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Bile, Blood and Phlegm: a walk through history's plagues


Pandemics and plagues and the way the world reacts to them has shaped human history. The world has shown resilience, determination and brilliance in the face of mass medical illness hundreds and thousands of times before, but what about in a divided 9th century Britain or an uncertain Tudor England? Continue reading and step into the shoes of characters of the past and find out how medicine and our services have changed through various epidemics.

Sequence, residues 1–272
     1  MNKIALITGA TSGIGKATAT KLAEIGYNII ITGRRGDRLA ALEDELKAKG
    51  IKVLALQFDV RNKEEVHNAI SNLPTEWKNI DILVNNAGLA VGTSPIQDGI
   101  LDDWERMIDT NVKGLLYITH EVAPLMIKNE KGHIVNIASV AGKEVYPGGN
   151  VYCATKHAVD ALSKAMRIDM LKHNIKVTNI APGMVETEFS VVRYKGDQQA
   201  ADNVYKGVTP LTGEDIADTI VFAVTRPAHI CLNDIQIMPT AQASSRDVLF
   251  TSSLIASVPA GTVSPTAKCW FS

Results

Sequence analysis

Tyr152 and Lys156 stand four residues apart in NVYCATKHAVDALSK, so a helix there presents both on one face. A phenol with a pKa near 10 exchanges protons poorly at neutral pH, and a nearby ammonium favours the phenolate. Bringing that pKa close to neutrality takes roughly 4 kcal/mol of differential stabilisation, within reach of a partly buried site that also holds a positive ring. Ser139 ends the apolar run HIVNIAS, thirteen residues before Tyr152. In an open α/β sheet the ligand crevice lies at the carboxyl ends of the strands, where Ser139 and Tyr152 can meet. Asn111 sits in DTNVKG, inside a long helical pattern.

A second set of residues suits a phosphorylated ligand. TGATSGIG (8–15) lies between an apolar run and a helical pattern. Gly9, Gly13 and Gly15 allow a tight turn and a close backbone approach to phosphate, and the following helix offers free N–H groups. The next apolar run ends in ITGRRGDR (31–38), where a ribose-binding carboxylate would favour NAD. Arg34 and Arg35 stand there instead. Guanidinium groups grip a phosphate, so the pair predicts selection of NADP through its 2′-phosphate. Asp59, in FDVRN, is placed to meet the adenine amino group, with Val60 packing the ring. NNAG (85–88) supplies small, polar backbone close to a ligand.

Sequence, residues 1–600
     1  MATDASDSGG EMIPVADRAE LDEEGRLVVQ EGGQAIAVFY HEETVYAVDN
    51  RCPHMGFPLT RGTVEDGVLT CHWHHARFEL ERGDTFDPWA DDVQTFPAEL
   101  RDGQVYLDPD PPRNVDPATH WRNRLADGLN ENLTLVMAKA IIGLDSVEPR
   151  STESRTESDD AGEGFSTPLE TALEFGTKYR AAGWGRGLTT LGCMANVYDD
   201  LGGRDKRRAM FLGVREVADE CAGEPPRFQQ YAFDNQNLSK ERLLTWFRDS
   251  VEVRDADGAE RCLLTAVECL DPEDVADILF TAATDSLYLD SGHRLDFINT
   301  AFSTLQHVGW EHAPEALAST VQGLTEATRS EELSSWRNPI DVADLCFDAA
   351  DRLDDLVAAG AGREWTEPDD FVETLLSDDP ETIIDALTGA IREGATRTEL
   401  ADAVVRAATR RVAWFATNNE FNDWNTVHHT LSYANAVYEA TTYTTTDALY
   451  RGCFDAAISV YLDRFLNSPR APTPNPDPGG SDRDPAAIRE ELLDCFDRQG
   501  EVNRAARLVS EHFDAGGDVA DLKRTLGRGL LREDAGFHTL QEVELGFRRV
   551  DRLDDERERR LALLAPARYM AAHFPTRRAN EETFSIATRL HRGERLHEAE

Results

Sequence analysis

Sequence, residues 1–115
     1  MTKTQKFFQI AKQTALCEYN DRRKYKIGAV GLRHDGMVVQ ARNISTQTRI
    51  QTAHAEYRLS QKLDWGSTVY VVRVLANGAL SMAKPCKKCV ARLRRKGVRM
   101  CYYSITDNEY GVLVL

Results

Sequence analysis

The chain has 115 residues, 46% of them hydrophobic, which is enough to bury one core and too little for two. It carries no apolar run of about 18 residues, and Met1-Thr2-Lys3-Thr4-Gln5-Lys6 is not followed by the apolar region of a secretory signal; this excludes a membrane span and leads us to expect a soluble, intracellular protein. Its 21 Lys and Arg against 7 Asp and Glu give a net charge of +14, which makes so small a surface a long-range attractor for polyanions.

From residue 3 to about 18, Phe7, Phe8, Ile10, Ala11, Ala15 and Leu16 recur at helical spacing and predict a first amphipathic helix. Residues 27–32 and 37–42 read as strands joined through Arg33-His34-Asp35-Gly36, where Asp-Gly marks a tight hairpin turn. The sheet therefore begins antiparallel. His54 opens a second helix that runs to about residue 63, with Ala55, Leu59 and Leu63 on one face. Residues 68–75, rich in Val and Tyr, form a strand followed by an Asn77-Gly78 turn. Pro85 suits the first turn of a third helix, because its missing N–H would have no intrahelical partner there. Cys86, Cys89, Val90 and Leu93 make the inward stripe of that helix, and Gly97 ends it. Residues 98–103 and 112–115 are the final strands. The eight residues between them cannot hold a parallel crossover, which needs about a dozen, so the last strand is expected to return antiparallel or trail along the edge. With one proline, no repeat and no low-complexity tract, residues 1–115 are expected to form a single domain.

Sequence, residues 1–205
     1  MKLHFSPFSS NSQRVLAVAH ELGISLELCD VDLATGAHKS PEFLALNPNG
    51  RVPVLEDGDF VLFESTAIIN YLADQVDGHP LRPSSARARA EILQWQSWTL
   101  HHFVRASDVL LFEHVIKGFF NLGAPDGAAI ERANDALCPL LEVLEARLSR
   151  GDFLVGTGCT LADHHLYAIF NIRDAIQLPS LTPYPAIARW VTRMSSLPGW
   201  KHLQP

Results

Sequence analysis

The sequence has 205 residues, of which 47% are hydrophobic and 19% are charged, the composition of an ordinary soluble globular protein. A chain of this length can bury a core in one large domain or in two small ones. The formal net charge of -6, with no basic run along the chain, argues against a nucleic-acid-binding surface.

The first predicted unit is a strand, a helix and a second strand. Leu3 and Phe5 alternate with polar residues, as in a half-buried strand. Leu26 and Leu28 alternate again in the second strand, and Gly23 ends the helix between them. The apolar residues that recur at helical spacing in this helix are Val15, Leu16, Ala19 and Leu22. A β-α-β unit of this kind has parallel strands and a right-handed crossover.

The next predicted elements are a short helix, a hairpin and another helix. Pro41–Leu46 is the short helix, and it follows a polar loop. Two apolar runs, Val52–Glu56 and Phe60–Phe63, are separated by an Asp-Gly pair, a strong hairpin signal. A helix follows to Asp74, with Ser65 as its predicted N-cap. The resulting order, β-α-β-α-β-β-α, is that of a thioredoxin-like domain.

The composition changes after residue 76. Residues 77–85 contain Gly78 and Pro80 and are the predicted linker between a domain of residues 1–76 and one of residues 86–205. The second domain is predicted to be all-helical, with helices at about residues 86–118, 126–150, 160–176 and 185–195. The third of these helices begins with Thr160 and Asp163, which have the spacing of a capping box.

Imagine you are an Anglo Saxon peasant or a medieval serf, or maybe a merchant in a major Tudor town. You are going about your day when you hear the news that the plague has come to your town or village. What do you do? Do you run to another town, do you hide in your home, do you go to the church, or just go about your day - God’s Will will be done. The time period that you live in will decide what your choices are and the treatments and support you might receive. Let’s start with the prevailing medical theory of these times. This was Humorism, the belief that the body was made up of four humours: Black bile, Yellow bile, blood and phlegm. If you were unwell it was believed that you had an imbalance of one or more of your humours. The resulting care you received would be based on balancing these humours. The balancing of the humours was not always a pleasant experience. It would involve bloodletting, sweating, vomiting and pooping! Another way of balancing them was to smear parts of your body with- at the pleasant end- oils, and- on the less pleasant end- dead animals or internal parts of animals or poop. You might even have to eat some of these treatments.